Network Working Group                                       P. Mohapatra
Internet-Draft                                          Sproute Networks
Intended status: Standards Track                             R. Fernando
Expires: September 6, 2018                                 Cisco Systems
                                                           March 5, 2018

                 BGP Link Bandwidth Extended Community


   This document describes an application of BGP extended communities
   that allows a router to perform unequal cost load balancing.

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   This document may contain material from IETF Documents or IETF
   Contributions published or made publicly available before November
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   material may not have granted the IETF Trust the right to allow
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Table of Contents

   1.  Introduction  . . . . . . . . . . . . . . . . . . . . . . . .   2
     1.1.  Requirements Language . . . . . . . . . . . . . . . . . .   2
   2.  Link Bandwidth Extended Community . . . . . . . . . . . . . .   2
   3.  Deployment Considerations . . . . . . . . . . . . . . . . . .   3
   4.  Acknowledgments . . . . . . . . . . . . . . . . . . . . . . .   4
   5.  IANA Considerations . . . . . . . . . . . . . . . . . . . . .   4
   6.  Security Considerations . . . . . . . . . . . . . . . . . . .   4
   7.  Normative References  . . . . . . . . . . . . . . . . . . . .   4
   Authors' Addresses  . . . . . . . . . . . . . . . . . . . . . . .   5

1.  Introduction

   When a BGP speaker receives multiple paths from its internal peers,
   it could select more than one path to send traffic to.  In doing so,
   it might be useful to provide the speaker with information that would
   help it distribute the traffic based on the bandwidth of the external
   (DMZ) link.  This document suggests that the external link bandwidth
   be carried in the network using a new extended community [RFC4360]  -
   the link bandwidth extended community.

1.1.  Requirements Language

   The key words "MUST", "MUST NOT", "REQUIRED", "SHALL", "SHALL NOT",
   document are to be interpreted as described in RFC 2119 [RFC2119].

2.  Link Bandwidth Extended Community

   When a BGP speaker receives a route from an external neighbor and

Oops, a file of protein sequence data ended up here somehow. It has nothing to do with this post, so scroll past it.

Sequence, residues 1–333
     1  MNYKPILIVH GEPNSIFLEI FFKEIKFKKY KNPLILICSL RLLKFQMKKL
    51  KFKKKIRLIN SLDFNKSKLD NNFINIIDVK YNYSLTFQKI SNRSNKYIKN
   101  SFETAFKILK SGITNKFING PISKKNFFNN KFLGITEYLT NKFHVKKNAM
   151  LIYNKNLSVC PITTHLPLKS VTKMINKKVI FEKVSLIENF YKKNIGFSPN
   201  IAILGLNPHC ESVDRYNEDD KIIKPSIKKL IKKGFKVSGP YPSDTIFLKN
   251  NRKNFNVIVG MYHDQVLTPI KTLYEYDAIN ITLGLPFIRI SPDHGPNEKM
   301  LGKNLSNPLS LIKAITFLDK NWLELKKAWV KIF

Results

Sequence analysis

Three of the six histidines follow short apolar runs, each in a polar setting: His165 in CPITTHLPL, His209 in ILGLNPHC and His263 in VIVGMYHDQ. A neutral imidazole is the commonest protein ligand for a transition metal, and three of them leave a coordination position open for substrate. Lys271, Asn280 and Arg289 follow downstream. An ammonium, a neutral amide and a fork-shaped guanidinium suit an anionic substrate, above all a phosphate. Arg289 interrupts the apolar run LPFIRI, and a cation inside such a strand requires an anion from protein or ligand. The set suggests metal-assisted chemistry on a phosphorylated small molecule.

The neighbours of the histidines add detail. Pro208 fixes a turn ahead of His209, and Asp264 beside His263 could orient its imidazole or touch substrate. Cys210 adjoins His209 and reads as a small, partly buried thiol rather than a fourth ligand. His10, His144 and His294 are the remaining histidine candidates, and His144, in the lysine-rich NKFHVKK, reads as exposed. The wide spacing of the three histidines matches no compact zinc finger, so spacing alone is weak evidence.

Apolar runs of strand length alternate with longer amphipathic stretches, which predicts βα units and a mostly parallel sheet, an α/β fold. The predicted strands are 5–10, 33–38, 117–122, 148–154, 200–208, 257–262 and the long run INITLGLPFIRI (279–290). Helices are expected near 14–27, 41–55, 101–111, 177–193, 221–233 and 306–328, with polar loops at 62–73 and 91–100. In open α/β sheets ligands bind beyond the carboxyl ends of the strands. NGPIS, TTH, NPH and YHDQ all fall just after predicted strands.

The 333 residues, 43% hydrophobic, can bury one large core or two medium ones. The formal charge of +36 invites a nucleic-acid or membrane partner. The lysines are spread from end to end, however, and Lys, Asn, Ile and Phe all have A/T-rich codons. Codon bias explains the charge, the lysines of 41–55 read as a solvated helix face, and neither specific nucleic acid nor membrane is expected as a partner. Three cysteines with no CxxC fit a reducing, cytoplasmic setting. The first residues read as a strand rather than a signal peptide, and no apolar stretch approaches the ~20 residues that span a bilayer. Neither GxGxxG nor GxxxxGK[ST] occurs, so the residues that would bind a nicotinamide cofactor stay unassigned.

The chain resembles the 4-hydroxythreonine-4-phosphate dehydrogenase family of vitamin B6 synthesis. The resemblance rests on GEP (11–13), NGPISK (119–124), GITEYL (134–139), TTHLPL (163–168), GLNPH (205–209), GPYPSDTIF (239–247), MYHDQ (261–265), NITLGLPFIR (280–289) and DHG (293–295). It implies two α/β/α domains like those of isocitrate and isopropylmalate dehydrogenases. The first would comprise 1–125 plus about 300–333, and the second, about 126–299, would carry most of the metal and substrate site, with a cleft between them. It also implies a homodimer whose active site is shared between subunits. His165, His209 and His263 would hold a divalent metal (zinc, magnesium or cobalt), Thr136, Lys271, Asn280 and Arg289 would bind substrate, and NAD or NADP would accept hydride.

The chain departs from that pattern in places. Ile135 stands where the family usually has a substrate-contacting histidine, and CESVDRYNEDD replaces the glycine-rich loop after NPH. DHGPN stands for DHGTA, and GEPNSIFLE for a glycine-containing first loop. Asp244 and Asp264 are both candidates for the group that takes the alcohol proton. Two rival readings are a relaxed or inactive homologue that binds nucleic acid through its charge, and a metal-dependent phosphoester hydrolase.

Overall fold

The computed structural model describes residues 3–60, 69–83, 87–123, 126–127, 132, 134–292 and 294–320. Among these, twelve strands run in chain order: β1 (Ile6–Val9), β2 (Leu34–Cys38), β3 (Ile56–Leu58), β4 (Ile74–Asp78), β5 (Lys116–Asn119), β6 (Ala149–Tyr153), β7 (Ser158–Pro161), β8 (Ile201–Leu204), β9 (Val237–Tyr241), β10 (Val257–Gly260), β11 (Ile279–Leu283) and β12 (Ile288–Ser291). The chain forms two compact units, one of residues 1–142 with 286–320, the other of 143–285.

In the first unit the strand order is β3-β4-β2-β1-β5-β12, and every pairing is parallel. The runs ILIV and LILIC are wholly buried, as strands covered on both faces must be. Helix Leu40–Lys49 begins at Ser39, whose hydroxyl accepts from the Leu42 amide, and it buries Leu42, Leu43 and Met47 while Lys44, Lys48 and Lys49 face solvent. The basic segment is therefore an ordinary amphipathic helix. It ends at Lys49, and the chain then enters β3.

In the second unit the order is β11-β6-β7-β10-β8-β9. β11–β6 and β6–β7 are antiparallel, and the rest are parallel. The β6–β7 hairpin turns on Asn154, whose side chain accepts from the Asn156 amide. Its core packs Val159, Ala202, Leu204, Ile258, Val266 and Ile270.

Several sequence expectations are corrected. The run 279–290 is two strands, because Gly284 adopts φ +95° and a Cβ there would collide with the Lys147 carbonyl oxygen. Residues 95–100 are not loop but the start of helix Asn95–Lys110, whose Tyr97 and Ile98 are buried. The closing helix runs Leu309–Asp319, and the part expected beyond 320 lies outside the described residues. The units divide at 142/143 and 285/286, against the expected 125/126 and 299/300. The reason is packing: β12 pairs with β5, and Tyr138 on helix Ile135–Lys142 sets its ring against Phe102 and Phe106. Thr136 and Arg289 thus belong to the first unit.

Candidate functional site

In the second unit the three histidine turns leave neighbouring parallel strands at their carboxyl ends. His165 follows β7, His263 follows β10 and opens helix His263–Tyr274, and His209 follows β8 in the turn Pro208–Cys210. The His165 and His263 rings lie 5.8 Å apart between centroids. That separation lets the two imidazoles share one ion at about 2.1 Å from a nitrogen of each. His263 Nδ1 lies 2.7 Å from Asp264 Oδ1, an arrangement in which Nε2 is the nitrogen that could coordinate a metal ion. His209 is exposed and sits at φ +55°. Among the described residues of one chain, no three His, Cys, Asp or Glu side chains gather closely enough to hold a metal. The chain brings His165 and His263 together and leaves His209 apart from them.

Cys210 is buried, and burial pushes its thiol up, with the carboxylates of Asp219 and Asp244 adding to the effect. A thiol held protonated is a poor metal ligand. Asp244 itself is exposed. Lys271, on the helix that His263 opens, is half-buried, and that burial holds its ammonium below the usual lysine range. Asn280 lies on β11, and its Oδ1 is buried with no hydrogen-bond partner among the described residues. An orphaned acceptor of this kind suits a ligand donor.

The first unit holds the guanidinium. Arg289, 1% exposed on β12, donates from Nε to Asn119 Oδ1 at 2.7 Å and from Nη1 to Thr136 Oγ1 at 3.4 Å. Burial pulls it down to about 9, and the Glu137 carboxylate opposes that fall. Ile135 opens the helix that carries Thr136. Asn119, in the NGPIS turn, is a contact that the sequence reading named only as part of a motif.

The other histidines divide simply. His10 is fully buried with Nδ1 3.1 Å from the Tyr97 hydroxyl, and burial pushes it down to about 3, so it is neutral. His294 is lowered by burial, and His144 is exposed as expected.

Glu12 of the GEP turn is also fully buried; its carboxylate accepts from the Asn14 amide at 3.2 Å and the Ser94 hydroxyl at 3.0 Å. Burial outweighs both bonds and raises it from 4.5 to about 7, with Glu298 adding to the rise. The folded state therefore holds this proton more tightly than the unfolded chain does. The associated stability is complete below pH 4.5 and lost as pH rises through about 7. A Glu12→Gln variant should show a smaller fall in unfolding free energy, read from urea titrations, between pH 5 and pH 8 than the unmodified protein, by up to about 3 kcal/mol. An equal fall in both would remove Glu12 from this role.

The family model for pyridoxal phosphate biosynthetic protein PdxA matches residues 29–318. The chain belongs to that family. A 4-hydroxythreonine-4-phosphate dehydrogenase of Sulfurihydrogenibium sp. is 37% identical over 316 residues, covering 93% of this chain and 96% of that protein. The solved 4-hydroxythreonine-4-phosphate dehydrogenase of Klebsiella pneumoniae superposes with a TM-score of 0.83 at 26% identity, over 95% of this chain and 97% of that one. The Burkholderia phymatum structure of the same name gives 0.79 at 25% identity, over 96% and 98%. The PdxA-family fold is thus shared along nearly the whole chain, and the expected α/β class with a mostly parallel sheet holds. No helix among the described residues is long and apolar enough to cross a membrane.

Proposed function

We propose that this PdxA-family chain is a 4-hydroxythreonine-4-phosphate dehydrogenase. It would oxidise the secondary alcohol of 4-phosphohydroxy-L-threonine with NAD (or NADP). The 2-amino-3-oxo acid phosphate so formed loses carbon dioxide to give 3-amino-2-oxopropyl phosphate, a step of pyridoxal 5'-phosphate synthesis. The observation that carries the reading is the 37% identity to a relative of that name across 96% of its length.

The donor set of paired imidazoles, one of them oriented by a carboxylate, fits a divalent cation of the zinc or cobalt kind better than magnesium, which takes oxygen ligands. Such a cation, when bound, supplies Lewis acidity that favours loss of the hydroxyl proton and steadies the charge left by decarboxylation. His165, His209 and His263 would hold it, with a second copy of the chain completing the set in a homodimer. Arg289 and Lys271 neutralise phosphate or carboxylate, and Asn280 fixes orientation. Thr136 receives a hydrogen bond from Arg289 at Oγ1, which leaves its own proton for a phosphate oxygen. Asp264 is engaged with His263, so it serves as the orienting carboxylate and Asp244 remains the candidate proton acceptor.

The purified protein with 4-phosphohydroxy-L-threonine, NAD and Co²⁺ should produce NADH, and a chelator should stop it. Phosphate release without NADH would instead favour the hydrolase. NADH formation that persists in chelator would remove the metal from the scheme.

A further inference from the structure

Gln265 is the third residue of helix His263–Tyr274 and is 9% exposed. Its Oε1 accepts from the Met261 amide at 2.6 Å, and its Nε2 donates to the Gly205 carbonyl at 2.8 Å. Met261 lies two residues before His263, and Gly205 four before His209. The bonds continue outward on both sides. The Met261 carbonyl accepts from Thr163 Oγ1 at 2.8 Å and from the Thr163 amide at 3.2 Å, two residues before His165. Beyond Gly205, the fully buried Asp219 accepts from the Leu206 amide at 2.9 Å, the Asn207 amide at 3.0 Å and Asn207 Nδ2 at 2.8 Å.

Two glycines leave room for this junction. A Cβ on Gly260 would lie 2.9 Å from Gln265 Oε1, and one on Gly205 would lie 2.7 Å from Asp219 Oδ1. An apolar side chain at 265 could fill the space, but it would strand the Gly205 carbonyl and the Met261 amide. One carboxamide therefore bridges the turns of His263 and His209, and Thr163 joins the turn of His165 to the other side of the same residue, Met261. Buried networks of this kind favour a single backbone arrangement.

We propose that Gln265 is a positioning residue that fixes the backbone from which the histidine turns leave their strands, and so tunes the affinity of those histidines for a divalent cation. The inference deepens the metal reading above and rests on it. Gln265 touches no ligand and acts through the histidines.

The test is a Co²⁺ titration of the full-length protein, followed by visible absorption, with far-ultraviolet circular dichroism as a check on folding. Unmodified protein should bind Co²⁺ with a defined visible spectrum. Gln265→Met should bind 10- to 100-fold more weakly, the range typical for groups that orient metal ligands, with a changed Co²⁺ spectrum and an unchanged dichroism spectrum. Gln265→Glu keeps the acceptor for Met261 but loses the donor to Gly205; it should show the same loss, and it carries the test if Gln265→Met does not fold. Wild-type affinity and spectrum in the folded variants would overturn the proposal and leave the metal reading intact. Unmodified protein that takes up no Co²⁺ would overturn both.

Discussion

advertises this route (via IBGP) to internal neighbors, as part of
   this advertisement the router may carry the cost to reach the
   external neighbor.  The cost can be either configured per neighbor or
   derived from the bandwidth of the link that connects the router to a
   directly connected external neighbor.  This value is carried in the

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   Link Bandwidth Extended Community.  No more than one link bandwidth
   extended community SHALL be attached to a route.  Additionally, if a
   route is received with link bandwidth extended community and the BGP
   speaker sets itself as next-hop while announcing that route to other
   peers, the link bandwidth extended community should be removed.

   The extended community is optional non-transitive.  The value of the
   high-order octet of the extended Type Field is 0x40.  The value of
   the low-order octet of the extended type field for this community is
   0x04.  The value of the Global Administrator subfield in the Value
   Field SHOULD represent the Autonomous System of the router that
   attaches the Link Bandwidth Community.  If four octet AS numbering
   scheme is used [RFC6793], AS_TRANS should be used in the Global
   Administrator subfield.  The bandwidth of the link is expressed as 4
   octets in IEEE floating point format, units being bytes (not bits!)
   per second.  It is carried in the Local Administrator subfield of the
   Value Field.

3.  Deployment Considerations

   The usage of this community is restricted to the cases where BGP